The Jacksonville Public Education Fund (JPEF) and the University of North Florida (UNF) each received a $150,000 donation from the Michael Ward and Jennifer Glock Foundation to support the JPEF initiative to recruit and retain 1,000 diverse male teachers by 2025, bringing the total amount of JPEF funds raised for the effort to $1 million. The UNF donation will go to the Urban Education Scholarship Fund, a JPEF partner program that supports the local diverse teacher pipeline.
“This is a critical initiative for the University because we know there is great need for more educators from underrepresented groups," said Dr. Jennifer Kane, UNF College of Education and Human Services interim dean. “Students need to see educators who look like them and have shared experiences for connecting inside and outside the classroom.”
Research has shown that all students benefit from having diverse teachers as role models. Students of color are disadvantaged by a lack of teacher diversity as they are more likely to be seen as discipline problems and less likely to qualify for gifted and talented programs.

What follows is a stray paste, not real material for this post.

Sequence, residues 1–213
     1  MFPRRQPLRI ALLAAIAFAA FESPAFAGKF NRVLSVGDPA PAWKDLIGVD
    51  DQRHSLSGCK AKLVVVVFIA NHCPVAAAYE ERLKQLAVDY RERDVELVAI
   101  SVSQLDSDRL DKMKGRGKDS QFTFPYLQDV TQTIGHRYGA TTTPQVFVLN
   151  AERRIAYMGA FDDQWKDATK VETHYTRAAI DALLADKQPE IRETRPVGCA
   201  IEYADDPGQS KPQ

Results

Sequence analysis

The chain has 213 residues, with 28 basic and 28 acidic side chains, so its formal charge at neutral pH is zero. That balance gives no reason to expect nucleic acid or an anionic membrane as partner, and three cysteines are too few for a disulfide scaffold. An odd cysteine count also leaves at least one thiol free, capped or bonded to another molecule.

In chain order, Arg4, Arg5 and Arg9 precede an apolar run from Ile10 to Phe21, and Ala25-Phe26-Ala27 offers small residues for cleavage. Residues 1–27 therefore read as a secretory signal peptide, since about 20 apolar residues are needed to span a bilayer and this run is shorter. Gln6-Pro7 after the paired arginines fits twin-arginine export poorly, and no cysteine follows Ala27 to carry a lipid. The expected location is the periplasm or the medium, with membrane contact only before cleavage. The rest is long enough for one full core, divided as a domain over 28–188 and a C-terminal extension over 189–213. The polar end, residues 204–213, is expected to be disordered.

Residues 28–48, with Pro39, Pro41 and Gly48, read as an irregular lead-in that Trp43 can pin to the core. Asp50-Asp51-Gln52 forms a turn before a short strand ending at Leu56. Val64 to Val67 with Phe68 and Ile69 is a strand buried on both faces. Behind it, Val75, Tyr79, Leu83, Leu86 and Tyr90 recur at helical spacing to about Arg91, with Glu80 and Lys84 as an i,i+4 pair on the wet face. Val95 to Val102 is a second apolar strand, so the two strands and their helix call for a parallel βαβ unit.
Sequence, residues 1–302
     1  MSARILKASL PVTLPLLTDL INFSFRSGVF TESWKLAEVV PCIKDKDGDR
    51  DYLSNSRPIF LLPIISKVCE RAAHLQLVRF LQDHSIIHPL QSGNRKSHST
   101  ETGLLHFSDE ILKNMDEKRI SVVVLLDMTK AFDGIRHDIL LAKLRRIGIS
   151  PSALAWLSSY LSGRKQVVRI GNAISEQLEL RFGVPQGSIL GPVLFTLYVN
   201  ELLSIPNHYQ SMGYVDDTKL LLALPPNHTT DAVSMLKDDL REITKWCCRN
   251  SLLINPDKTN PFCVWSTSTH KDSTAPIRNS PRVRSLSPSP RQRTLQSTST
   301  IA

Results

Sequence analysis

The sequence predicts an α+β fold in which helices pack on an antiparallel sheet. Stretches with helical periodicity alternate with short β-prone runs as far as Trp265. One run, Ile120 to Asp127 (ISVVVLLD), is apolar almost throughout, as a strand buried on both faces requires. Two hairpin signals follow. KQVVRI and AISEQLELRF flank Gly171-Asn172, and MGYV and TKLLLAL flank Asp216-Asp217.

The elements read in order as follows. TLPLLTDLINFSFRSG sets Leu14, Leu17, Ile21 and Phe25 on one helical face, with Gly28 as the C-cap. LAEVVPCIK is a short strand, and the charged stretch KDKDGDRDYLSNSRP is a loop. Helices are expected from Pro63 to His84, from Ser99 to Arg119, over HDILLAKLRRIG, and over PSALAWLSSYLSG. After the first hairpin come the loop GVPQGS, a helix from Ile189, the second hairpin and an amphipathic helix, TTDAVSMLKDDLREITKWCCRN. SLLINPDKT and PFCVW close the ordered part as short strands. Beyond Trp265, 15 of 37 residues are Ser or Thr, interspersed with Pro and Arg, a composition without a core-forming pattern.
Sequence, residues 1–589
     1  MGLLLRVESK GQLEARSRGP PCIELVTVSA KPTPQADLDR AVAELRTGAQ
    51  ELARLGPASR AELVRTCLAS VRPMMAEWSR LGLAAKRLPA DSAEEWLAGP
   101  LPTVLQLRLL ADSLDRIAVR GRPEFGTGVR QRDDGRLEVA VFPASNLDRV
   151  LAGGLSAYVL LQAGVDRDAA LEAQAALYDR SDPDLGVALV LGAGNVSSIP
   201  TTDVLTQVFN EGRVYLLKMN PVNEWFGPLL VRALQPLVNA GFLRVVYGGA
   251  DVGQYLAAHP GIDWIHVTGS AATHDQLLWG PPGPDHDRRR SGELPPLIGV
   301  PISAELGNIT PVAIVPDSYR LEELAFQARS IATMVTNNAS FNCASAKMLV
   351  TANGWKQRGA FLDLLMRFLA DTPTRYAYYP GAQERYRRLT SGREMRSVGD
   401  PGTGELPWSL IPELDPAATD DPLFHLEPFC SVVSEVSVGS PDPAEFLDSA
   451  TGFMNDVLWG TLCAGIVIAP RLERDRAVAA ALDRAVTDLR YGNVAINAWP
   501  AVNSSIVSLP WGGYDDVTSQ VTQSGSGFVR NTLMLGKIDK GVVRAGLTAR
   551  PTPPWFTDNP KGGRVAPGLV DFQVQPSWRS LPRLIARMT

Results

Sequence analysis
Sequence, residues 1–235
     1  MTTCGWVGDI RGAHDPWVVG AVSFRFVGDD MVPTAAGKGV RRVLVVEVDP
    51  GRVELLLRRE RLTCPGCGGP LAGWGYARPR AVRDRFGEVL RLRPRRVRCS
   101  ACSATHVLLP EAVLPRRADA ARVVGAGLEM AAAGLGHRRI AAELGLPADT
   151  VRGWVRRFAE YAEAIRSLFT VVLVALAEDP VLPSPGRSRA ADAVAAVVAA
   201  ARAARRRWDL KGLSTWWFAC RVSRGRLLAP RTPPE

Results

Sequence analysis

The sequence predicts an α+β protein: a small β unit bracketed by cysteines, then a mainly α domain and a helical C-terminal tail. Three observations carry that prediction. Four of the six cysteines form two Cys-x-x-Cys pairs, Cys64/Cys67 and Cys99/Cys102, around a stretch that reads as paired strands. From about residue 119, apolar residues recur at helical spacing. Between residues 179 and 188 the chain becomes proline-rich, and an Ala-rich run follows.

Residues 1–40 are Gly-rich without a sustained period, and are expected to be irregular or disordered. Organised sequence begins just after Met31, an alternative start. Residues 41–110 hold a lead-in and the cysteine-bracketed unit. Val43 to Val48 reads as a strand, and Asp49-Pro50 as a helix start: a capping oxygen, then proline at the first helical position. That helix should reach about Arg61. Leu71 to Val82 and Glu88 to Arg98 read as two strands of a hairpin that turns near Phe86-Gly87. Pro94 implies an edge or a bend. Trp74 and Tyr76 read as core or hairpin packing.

JPEF’s original research shows Black and Latino male teachers make up less than 10% of teachers in Duval County Public Schools, while Black and Latino students make up about 60% of the student body. The Duval County numbers mirror those across the country, where the shortage of diverse male teachers is also acute.
JPEF announced the 1,000 by 2025 initiative last year and has been working with partners including Duval County Public Schools and the University of North Florida to establish a collective impact model that can be adapted nationwide for recruiting, retaining, and supporting Black and Latino male teachers.
The donation will allow JPEF to provide funding to local programs designed to recruit, retain, and support diverse male teachers.
“We are grateful for the Michael Ward and Jennifer Glock Foundation’s support and the boost it gives the 1,000 by 2025 initiative,” said JPEF President Rachel Tutwiler Fortune. “We will be using it to provide grants to programs that can show their impact on recruiting and retaining Black and brown male teachers. We know the positive impact having diverse teachers has on students and we are working as a community to create a welcoming, caring environment for those educators.”
The Ward donation is the latest of several designated for the 1,000 by 2025 initiative. Earlier this year, JPEF received a grant from NewSchools Venture Fund and most recently received funding from the Delores Barr Weaver Legacy Fund.
“In total, we’ve received $1 million toward this initiative,” said Fortune. “The financial support is indicative of the national and community support toward ensuring all students, and especially our students of color have qualified, effective teachers who look like them.”